[IN-DEPTH] At what cost the Tesla gigaplant?

TeslaBy Matthew Wald | The New York Times

When Nevada lured Tesla Motors to the Reno area to build a giant battery factory, a triumphant governor, Brian Sandoval, proclaimed that every dollar his state was spending in tax incentives and other subsidies would yield $80 in economic activity.

But experts in industrial development say that his estimate is not so clear-cut. The calculation, they say, relies on two big assumptions: that the factory, which is to be built on a scale never tried before for a battery plant and is to employ 6,500 people, will achieve the radical cost savings that Tesla envisions, and that all the business it spurs will go to local companies. And even then, not all of the $80 would reach governments; most of it, in fact, would go to the private sector.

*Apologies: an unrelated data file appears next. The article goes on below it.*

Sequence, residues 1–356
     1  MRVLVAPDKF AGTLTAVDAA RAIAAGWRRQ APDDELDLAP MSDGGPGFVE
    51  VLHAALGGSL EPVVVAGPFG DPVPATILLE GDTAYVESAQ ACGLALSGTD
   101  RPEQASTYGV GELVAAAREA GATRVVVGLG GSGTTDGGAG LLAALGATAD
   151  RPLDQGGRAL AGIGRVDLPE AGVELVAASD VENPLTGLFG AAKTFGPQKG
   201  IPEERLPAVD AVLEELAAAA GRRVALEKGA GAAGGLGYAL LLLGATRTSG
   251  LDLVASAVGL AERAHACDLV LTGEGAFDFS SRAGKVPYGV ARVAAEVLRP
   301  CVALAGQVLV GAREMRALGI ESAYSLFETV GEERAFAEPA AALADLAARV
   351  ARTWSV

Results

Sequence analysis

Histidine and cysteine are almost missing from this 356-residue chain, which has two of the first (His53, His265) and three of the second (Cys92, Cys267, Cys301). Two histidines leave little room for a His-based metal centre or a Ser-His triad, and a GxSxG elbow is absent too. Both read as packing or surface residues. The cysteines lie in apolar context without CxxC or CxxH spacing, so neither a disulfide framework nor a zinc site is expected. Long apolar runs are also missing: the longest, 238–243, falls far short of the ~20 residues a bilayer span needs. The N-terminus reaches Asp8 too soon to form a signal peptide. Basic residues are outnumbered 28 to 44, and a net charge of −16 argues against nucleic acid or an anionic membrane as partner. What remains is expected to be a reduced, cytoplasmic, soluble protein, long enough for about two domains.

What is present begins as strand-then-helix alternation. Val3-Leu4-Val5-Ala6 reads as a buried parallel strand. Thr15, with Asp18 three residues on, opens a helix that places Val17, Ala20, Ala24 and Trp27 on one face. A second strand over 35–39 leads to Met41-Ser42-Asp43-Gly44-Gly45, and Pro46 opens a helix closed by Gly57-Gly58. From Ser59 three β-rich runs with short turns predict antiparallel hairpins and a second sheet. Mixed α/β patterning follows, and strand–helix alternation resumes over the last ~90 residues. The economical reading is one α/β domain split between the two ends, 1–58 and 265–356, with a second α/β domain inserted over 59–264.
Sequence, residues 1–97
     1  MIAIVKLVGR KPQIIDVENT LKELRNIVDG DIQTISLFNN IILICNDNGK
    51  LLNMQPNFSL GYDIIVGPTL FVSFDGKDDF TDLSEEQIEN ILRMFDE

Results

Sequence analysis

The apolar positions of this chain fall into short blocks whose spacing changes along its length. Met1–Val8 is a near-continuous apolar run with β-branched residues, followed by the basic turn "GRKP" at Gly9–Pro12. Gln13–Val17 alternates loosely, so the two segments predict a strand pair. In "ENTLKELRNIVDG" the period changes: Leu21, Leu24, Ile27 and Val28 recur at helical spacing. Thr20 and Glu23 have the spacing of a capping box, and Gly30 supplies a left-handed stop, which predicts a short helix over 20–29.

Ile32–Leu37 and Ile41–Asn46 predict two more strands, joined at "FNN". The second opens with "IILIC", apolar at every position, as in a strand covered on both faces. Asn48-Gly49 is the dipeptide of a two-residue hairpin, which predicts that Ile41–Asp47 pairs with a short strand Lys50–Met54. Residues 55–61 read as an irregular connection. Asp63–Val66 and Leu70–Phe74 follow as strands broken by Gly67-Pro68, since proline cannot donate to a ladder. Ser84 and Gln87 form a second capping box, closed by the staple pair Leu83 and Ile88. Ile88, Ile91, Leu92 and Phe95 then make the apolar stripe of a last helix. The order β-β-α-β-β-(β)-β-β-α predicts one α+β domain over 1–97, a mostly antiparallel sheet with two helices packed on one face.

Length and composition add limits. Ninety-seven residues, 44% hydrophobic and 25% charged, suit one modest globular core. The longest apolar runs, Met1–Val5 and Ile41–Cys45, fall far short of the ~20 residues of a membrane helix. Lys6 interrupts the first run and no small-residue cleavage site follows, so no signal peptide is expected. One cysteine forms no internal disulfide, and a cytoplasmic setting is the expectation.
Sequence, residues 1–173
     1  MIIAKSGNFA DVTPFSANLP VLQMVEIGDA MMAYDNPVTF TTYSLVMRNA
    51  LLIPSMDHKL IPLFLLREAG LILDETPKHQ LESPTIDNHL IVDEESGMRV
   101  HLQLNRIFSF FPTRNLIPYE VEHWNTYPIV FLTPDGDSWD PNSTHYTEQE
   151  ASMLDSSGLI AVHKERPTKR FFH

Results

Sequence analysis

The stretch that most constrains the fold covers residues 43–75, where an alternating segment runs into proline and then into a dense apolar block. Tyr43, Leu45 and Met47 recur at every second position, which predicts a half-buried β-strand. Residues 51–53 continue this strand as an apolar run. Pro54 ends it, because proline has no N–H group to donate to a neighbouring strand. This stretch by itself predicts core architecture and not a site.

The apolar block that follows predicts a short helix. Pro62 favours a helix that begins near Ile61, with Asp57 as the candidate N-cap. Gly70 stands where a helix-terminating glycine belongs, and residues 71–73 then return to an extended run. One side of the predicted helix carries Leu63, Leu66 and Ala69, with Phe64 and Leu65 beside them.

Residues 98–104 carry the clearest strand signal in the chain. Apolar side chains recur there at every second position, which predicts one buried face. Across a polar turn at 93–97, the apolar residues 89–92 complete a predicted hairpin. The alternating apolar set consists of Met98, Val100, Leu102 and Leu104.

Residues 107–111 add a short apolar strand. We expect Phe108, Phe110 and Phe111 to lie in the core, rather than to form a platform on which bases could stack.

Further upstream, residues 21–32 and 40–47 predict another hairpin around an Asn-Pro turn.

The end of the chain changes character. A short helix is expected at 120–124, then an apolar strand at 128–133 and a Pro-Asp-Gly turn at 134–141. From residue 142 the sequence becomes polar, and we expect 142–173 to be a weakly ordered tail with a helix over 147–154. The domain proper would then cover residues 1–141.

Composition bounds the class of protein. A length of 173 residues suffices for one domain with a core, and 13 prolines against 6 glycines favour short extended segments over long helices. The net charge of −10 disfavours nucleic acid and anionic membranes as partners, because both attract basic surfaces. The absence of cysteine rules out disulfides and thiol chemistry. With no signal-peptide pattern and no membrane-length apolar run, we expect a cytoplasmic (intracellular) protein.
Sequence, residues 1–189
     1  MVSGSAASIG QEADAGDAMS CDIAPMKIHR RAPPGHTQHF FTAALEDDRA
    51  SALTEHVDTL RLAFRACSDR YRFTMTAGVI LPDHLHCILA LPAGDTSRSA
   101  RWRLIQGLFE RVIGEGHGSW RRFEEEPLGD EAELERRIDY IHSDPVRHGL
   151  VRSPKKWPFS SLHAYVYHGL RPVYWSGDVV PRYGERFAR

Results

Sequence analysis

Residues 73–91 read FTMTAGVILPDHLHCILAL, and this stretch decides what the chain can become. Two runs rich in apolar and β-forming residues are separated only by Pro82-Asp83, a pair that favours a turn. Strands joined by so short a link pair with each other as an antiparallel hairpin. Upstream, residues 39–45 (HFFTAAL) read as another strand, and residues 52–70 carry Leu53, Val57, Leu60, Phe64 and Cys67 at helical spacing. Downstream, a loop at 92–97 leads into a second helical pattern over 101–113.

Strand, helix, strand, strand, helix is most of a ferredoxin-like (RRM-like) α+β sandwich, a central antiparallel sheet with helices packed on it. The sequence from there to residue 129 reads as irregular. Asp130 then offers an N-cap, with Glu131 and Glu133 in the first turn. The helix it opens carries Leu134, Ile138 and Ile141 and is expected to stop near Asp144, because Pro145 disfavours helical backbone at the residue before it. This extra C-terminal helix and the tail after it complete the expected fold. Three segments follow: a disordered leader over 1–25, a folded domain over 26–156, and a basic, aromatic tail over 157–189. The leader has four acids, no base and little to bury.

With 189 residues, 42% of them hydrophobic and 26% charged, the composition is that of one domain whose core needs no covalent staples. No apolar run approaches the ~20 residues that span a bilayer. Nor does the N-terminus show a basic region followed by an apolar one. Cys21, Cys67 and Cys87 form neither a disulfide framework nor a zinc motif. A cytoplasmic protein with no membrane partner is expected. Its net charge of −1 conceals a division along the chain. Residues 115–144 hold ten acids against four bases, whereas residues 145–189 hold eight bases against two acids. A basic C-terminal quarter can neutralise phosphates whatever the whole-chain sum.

A crucial issue is that whenever a state offers an incentive for a company to build a factory, the economic stimulus is rarely concentrated in the surrounding area. Building and equipping the battery factory, for example, will cost about $5 billion, and while some of that money will have to be spent in Nevada, many of the equipment purchases, for example, cannot be.


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September 2014